Alan Hodgkinson will shed a tear on the 50th anniversary of the Munich Air Disaster.

Oxford United's goalkeeping coach lost colleagues and a good friend in the horror that engulfed Flight BEA609 at 3.04pm on February 6, 1958.

Among them were Duncan Edwards - who exactly ten months earlier on Hodgy's England debut at Wembley Stadium had smashed a brilliant 25-yard winner - and Eddie Colman, who had become a good personal friend.

The disaster was one of the blackest moments in British sporting history.

Manchester United's squad - the legendary 'Busby Babes' and acknowledged as one of the finest football teams ever assembled - were returning from Belgrade after drawing 3-3 with Red Star in their second-leg European Cup tie.

It should have been a routine refuelling stop at Munich-Reim Airport, but the plane failed to take off from the slush-glazed runway and crashed into a house 300 yards from the end of the 2,000-yard long runway.

Of the 44 people in the Elizabethan class aircraft, 21 died that afternoon and two more died later in hospital - Edwards, and the co-pilot Captain Kenneth Raimont, who had been at the controls that fateful snowy afternoon.

Eleven belonged to the club and eight were journalists - among them Frank Swift, the famous Manchester City and England goalkeeper who had become the News of the World correspondent, and someone Hodgkinson, the young Sheffield United keeper greatly admired.

Hodgy had trained with and played alongside for England many others who lost their lives, including the Manchester United captain Roger Byrne, Tommy Taylor, who scored 16 goals in 19 games for England, and the brilliant winger David Pegg.

But it was 'snake hips' Eddie Colman who had become Hodkinson's good pal.

Colman, 21, whose play at right wing-half made him an Old Trafford favourite, never won the England cap he deserved.

"I'd been in national service with Eddie and we'd been stationed together at the same time," Alan reflected. "I went to his funeral.

"I also played with Duncan Edwards, Roger Byrne, Tommy Taylor and David Pegg.

"I remember the day it happened. I'd been training as normal (at Sheffield United) . . . it was such a shock to everyone, to the whole country.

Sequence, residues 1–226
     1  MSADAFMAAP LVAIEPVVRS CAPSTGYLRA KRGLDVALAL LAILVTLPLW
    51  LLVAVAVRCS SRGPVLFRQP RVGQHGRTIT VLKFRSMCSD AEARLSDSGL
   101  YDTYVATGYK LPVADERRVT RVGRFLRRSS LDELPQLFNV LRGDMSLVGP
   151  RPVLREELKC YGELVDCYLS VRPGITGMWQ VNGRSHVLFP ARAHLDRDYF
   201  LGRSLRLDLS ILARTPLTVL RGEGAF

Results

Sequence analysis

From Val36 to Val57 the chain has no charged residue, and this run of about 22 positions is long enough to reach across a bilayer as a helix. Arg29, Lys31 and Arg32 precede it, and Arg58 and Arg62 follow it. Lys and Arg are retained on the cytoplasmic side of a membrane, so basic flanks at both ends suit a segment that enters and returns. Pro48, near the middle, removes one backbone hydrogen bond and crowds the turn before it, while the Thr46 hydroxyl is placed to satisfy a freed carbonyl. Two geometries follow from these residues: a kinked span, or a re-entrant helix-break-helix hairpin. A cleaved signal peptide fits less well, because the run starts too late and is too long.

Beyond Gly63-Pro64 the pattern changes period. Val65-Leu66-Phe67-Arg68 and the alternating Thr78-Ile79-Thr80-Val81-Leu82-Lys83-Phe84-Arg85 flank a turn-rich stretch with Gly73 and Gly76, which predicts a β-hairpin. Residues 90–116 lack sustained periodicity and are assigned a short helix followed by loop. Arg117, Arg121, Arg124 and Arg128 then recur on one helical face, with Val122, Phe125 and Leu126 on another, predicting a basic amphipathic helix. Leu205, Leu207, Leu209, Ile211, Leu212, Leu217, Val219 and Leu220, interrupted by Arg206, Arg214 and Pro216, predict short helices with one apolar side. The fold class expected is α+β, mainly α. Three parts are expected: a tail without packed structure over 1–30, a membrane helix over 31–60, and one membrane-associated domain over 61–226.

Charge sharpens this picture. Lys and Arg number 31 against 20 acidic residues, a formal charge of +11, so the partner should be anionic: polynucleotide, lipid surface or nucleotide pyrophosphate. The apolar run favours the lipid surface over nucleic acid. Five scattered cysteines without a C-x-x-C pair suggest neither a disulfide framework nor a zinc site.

"Yes, especially for me, of course, when it's people you know and people you'd worked with and played with.

"It was a very, very sad day for the whole football world. Everybody was stunned, particularly those who knew someone involved."

Edwards, the youngest player to be capped by England, only 21 and already an international on 18 occasions, had been the pride of Manchester United.

Like the other survivors of the crash, he had been taken to Munich's Rechts Dez Isar Hospital.

He had internal injuries, a fractured leg, fractured ribs, and severe shock. It was too much even for a giant. He stayed alive for 15 days, continually calling out 'What time is the kick-off against Wolves (Manchester United's Saturday game after their return from Belgrade)?' Then he died and England lost the best teenage footballer she had ever produced.

Alan recalled: "The boy Duncan Edwards hung on for quite a while, just over two weeks. He was a big, strong boy, a wonderful, wonderful footballer who would have gone on to be one of the world's greatest players."

Hodgkinson recalled how hard it naturally was for some of his England teammates to overcome the fear of flying after Munich.

"We travelled a lot together, we were all international players. Like me, Roger Byrne had made his England debut in 1957. Bobby Charlton was a survivor, but remember, this was before he had played for England.

"I travelled with Bobby Charlton on quite a few occasions and even shared a room with him. But Munich was not something anyone would talk about, they were all very reluctant to talk about it and you can understand that.

"After the disaster, if you flew anywhere then it always entered your mind. But Bobby Charlton got on with it and began to fly, though I'm sure he was quite nervous about it."

Alan added: "I have great respect for all of them.

"For me it was a wonderful time of my life because I was a young footballer who had just broken into the England team, but sadly for most of them it ended tragically. It was really sad.

"A lot of football supporters now, 50 years on, probably don't even know about the Munich Air Disaster. It was a sad time.

"I'll be thinking back when there's a minute's silence on Wednesday and will probably shed a tear," he said. "I was only just across the border, in Sheffield, and the anniversary brings back memories.

"Fifty years . . . . it's only like yesterday."